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Morgan Cloud

Bio: Morgan Cloud is an academic researcher from Emory University. The author has contributed to research in topics: Search and seizure & Supreme court. The author has an hindex of 7, co-authored 21 publications receiving 161 citations.

Papers
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TL;DR: The authors tested a sample of mentally retarded individuals to determine if they could understand the Miranda warnings, then compared these results to those obtained for a control group of nondisabled people, and found that mentally retarded people simply do not understand the warnings.
Abstract: The Supreme Court's Miranda decision rested upon the unverified assumptions that suspects who received the now-famous warnings not only would possess information ensuring that subsequent waivers were "knowing and intelligent," but also would possess the tools necessary to resist the pressures inherent in custodial interrogation, thus ensuring that confessions were "voluntary." The flaws in these assumptions are exposed when they are applied to mentally retarded people. The authors of this Article tested a sample of mentally retarded individuals to determine if they could understand the Miranda warnings, then compared these results to those obtained for a control group of nondisabled people. The results show that, in contrast to the nondisabled controls, mentally retarded people simply do not understand the warnings. They do not understand the context in which interrogation occurs, the legal consequences of confessing, the meaning of the sentences comprising the warnings, or even the warnings' individual words. For mentally retarded people, the Miranda warnings are words without meaning.

43 citations

Posted Content
TL;DR: In this paper, the authors show that societal changes, particularly the expansion of pretrial discovery in the 1938 Federal Rules of Civil Procedure, led inevitably to hourly billing, and they suggest that, if litigation costs are relatively certain, then the efficient contract is a fixed-fee contract.
Abstract: Although many clients and lawyers now condemn hourly billing, there is heavy irony about this. Starting in the 1950s, both groups demanded the switch from fixed-fee billing to hourly billing. This paper explains why. Our economic model shows that societal changes, particularly the expansion of pretrial discovery in the 1938 Federal Rules of Civil Procedure, led inevitably to hourly billing. Hourly billing both efficiently shifted new risks away from lawyers and made legal services cheaper than under fixed fee billing. Our model suggests that, if litigation costs are relatively certain, then the efficient contract is a fixed-fee contract. Although such a contract imposes a cost risk on attorneys, the contract reduces moral hazard, that is, the incentive for an attorney to waste time. If instead cost uncertainty increases greatly and lawyers are more risk averse than their clients, then it becomes efficient to switch to hourly billing. Hourly billing will reduce risk for the attorney. If cost uncertainty is large enough, then the savings from risk reapportionment, which the lawyer and the client can share, will more than offset the cost of the waste from hourly billing's moral hazard. Before 1938, the standard fee arrangement was a fixed fee. Broadened discovery then increased the uncertainty of litigation costs, especially as states copied the Federal Rules over the next two decades. Starting in the mid-1950s, as our model predicts, litigators, spurred by their institutional clients, switched to hourly billing. By the late 1960s, society's increasing complexity had increased cost uncertainty for transactional lawyers. As our model predicts, the bar soon also shifted to hourly billing for transactional work. Many personal injury cases continue to be litigated under contingency agreements in part because, as the model shows, clients in these cases are often more risk averse than other clients. The model suggests why clients and lawyers have recently experimented with forms of fixed-fee billing. Because the conditions that made hourly billing efficient may now have changed, economic pressures are now building for a return to forms of fixed-fee billing.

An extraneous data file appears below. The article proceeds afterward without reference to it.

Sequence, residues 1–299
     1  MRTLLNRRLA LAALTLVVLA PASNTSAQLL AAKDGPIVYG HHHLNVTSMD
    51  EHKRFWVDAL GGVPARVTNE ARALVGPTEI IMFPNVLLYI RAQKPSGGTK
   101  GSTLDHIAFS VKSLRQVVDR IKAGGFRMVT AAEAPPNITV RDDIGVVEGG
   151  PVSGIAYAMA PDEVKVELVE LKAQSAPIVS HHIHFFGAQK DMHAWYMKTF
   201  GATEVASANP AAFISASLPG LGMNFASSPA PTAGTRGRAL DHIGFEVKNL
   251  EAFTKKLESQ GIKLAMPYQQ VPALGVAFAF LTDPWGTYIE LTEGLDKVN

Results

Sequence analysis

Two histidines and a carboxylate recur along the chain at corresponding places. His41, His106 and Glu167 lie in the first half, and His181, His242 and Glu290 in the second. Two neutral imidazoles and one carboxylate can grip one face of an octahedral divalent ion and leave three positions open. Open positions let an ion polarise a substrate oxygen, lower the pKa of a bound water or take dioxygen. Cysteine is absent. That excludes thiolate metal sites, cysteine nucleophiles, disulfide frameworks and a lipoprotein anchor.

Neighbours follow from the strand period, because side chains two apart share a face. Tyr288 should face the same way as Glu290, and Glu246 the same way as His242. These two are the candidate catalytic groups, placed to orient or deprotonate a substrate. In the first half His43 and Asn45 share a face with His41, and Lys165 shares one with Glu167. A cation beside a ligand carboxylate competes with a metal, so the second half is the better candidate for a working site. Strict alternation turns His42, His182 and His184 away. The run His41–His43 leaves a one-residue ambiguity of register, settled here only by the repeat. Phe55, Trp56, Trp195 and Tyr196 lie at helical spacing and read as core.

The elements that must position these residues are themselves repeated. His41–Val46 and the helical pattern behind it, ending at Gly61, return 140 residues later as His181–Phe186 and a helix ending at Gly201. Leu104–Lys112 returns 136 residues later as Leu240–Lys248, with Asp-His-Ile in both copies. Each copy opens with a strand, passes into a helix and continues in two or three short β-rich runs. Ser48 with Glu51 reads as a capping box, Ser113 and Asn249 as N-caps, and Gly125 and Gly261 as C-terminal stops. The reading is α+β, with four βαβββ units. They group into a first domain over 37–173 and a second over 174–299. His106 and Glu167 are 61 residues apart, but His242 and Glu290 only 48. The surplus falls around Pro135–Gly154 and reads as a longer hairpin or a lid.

13 citations

Posted Content
Morgan Cloud1
TL;DR: The reasons for judicial mistrust of the DEA's drug courier profile are numerous and, I believe, compelling as discussed by the authors, and they include the following: the accuracy of the profile has never been empirically validated, and profile characteristics appear to vary wildly from airport to airport and case to case, giving the profile a shifting, chameleon-like quality, and one DEA agent candidly admitted that the profile consists of anything that happens to be suspicious in a particular case.
Abstract: The reasons for judicial mistrust of the drug courier profile are numerous and, I believe, compelling. Because many of the profile characteristics (e.g. nervousness, arrival from a source city, little or no luggage, cash purchase of ticket) are equally applicable to innocent persons, use of the profile by reviewing courts could lead to approval of wholesale seizures of innocent citizens by police. The accuracy of the profile has never been empirically validated, and profile characteristics appear to vary wildly from airport to airport and case to case, giving the profile a shifting, chameleon-like quality. One DEA agent candidly admitted that the profile consists of anything that happens to be suspicious in a particular case. Little wonder then, that the courts are reluctant to ascribe legal significance to the ever-changing profile characteristics, or to accept as binding a profile which was developed by the very law enforcement officials whose actions the courts are charged to review.